A healthier option is monounsaturated fat and polyunsaturated fat. Monounsaturated fats are liquid at room temperature while polyunsaturated fats are solid at room temperature. These unsaturated fats are found in fish, nuts, seeds, olives, avocados, and other healthy foods and oils.

If how to relieve swelling in legs is important to you, remember to limit red meat, processed meats, processed and added sugars, salt and high-sodium foods, highly processed foods, saturated fats, and trans fats to support a healthy heart and circulatory system. Eat more vegetables, fruits, whole grains, legumes, fish, poultry, eggs, dairy, and olive oil or grapeseed oil — and don’t be stingy with the herbs and spices (as opposed to salt).


Food Considerations, Practical Advice, and Heaviness in Legs

A heart-healthy diet doesn’t necessarily command a specific number of meals or timing of meals. However, you should spread your meals evenly throughout the day. You should do this as you incorporate eating strategies to combat heaviness in legs.

What’s a healthy eating strategy? For starters, place the saltshaker out of sight when you’re dining out. Consider substituting steamed vegetables for mashed potatoes and gravy or a side salad for fries. These healthier trade-offs are key to changing your habits and mindset.

You can also ask for sauces and dressings on the side instead of being smothered over your appetizer or entrée. Before ordering, ask for nutrition information and choose a low-sodium, low-fat option. Pick water over soda and alcohol every opportunity you have.

When shopping at your local grocery store, choose pre-packaged and canned foods that are reduced sodium, low sodium, or salt-free. Select frozen vegetables without salt or sauces — or when buying anything frozen for that matter. Whenever possible, you should choose poultry, fish, and lean meats with the lowest amount of sodium and saturated fat. Also, you should avoid cured, salted, or smoked processed meats.


Taking the Food Considerations Home

When cooking at home, use high-heat olive oil instead of butter when boiling, steaming, roasting, or lightly sautéing. Baking, broiling, stir-frying, sautéing, or grilling are preferred over deep-frying for poultry and fish. Remove the salt shaker from your table, since even a little “shake” can add a lot of sodium. Instead, spice up your meals with herbs, spices, garlic, onion, and citrus zest and juices.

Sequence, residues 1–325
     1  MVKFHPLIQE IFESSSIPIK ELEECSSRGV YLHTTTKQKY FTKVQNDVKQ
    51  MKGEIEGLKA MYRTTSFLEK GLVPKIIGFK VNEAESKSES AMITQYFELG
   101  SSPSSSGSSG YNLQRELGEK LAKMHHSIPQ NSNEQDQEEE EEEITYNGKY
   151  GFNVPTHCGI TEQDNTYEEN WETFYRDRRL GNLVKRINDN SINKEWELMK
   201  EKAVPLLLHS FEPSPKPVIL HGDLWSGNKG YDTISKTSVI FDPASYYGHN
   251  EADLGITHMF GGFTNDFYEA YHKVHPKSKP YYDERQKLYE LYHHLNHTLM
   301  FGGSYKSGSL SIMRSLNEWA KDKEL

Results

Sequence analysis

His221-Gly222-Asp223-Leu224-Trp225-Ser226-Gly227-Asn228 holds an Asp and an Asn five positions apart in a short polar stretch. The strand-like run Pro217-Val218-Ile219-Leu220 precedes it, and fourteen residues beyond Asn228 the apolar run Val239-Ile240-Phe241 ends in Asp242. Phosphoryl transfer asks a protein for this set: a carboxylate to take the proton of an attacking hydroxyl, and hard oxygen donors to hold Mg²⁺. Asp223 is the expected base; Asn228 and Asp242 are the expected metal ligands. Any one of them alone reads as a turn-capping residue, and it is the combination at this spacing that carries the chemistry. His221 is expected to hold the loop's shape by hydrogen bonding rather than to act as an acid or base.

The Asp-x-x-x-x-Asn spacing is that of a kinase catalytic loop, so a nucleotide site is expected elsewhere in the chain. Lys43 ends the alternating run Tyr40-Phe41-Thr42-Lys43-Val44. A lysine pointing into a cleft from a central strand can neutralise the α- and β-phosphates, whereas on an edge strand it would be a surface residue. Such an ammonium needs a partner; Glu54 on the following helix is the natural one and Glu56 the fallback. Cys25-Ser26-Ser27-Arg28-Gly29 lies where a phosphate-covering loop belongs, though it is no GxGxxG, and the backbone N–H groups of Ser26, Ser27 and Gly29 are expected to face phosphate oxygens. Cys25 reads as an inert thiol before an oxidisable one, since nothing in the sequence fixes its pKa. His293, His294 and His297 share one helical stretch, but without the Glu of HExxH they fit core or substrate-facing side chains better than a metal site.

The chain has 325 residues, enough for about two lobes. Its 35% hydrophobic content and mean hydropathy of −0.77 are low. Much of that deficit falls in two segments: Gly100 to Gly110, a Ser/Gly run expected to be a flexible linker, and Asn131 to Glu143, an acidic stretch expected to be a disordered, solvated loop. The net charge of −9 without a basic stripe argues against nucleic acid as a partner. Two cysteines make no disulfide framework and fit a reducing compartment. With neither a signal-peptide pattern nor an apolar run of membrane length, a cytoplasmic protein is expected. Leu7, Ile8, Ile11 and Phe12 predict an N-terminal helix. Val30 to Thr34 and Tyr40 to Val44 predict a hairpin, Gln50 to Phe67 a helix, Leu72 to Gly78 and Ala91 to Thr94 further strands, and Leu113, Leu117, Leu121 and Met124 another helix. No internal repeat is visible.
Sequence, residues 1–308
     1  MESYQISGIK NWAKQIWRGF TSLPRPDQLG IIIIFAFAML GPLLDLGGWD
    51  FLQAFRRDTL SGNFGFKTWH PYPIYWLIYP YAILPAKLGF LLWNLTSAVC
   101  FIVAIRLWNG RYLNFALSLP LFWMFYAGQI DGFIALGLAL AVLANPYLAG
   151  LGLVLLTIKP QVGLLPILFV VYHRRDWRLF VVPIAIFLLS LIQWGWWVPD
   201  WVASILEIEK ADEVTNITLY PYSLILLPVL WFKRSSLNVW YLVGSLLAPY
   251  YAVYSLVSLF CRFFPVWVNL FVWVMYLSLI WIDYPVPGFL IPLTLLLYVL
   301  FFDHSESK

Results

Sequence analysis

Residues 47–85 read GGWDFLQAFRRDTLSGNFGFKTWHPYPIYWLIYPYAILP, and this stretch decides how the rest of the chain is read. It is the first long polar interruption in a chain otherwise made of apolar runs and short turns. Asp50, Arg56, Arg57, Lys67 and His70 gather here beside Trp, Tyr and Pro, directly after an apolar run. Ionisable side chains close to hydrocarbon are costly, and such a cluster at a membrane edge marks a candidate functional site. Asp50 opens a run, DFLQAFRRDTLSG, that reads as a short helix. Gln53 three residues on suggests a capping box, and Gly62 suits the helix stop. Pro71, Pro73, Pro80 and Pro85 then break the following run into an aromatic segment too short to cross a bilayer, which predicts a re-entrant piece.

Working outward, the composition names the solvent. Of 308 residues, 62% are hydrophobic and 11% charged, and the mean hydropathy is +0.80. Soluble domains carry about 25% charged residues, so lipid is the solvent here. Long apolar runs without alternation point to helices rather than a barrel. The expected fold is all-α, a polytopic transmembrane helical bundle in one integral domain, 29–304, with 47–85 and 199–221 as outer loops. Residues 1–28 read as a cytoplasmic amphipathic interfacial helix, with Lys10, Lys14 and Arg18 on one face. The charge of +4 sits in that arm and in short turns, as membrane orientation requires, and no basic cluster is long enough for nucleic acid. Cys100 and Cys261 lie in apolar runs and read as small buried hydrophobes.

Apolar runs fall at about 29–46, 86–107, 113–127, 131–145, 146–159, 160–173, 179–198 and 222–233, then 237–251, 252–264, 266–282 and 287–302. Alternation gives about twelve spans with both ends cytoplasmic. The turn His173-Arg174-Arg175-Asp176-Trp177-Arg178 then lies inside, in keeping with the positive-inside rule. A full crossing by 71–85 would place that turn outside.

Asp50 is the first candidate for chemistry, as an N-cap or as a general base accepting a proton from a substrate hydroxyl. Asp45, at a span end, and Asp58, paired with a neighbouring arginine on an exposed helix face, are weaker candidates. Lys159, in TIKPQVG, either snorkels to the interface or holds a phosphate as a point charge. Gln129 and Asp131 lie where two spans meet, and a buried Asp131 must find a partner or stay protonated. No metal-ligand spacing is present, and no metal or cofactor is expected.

If you have a special diet, feel free to adjust the recipes. Add less salt than called for, substitute butter for a healthier fat (such as olive oil or grapeseed oil), or use whole grains instead of refined grains. Reduce your prepackaged food consumption by cooking from scratch or semi-scratch as much as possible.

Believe it or not, how to relieve swelling in legs comes down to incorporating these food considerations and practical advice into your lifestyle — for just about anyone.


Smart Choices, Home Remedies, and Consistent Exercise

Some patients choose to kickstart their cholesterol-lowering journey with a meal delivery service as they get on track to defeating their heaviness in legs. Those with chronic diseases affected by diet — including cardiovascular risk factors such as high cholesterol — could benefit from this convenient option.

Besides your diet, remember that rest, ice, compression, and elevation are also common ways in how to relieve swelling in legs. Ice packs wrapped in a towel help numb the pain and reduce swelling when applied to the affected area to prevent further injury. By using a reclining chair or stool, you can elevate your feet above your heart level and relieve some of the pressure. You might also experience worse symptoms if you sit or stand for too long.

Moderate exercise also keeps your blood pumping and improves risk factors such as high blood pressure. You should increase your exercise activity levels, as physical activity supports cardiovascular health and helps prevent heart failure and numerous other chronic diseases. High-intensity interval training, which alternates short bouts of intense exercise with less vigorous ones, has been shown to support and strengthen the heart.

Living a healthy lifestyle, eating the right foods, being physically active, and managing stress can all have a significant impact on your risk of congestive heart failure. Nevertheless, it can also be a useful sidekick as you look into immediate pain management treatment for your heavy and swollen legs.